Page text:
The 264 unique gold adornments of the trove found near the village of Sveshtari go on display today at the National Archaeological Museum in downtown Sofia.
The unique Thracian treasure, discovered in the famous Sveshtari tomb in Bulgaria, has become extremely popular. It has even surpassed in popularity the news about the US presidential election and Obama’s victory. According to Bulgaria’s Culture Minister, Vezhdi Rashidov, the Louvre has already offered one of its largest and central halls for the exhibit of the treasure, in a large display of Thracian culture.
The exhibition at the Louvre will open 2014. As for the “home” of the treasure, it is not clear yet whether the treasure will become part of the permanent exhibition of the National Archaeological Museum of Sofia.
The treasure includes golden horse harness decorations, bracelets, buttons, a ring and a tiara, dated between the late 4th and early 3rd century BC. As head of the archaeological team excavating at the ancient burial complex site, Diana Gergova, said, these are amazing findings from the apogee of the rule of the Thracian tribe of Getae, which became one of the dominant political forces in the Balkans.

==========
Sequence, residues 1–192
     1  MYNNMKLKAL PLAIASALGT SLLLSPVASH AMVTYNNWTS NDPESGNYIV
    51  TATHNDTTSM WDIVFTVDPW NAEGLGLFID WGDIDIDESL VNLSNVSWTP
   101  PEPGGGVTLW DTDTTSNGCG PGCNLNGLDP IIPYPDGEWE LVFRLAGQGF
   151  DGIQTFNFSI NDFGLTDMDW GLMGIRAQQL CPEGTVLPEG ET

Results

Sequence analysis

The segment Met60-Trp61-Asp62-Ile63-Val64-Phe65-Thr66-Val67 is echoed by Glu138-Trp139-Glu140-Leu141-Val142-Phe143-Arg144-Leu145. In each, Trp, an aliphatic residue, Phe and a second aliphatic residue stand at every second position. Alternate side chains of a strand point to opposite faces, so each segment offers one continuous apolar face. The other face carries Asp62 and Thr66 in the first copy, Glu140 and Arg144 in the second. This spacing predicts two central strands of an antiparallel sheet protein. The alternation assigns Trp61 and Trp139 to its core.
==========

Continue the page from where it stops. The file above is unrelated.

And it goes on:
“From what we see up to now, the tomb may be linked with the forst known Getic ruler Cothelas” the archaeologist also said. The team believes that the site may be connected to the funeral of Cothela, one of the father-in-laws of Philip II of Macedon, Alexander the Great’s father.
by Archaeology Newsroom - Wednesday, 14 November 2012
A #necropolis with over 100 #burials has been unearthed during archaeological excavations near the village of Marten in northern Bulgaria.
The discovery was made by the #archaeologist from the #Archaeology Museum in the #Danube city of Ruse, Deyan Dragoev.
The necropolis is on the path of the future gas connection between Bulgaria and Romania.
The site includes tombs from the #Thracian times to the times of the First Bulgarian Kingdom. The oldest ones date from the 5th – 4th centuries B.C. Some reveal very interesting rites such as the tomb of a decapitated soldier, whose head was laid on his lap, while others have been buried with gold and silver jewelry or with their dogs.
Some #skeletons have deformed skulls, which have been typical for the First Bulgarian Kingdom as a sign of high position in society and of nobility. Noble children then had their heads tightened with headbands in order to change the form of the skull, experts say.
Remnants include wooden coffins, and ceramics and glass from Roman times.
The two Thracian tombs, according to archaeologists, show that a Thracian settlement, unknown until now, has been located nearby.
On Wednesday, the Ruse archaeologists sent bone material for analysis at the Bulgarian Academy of Sciences.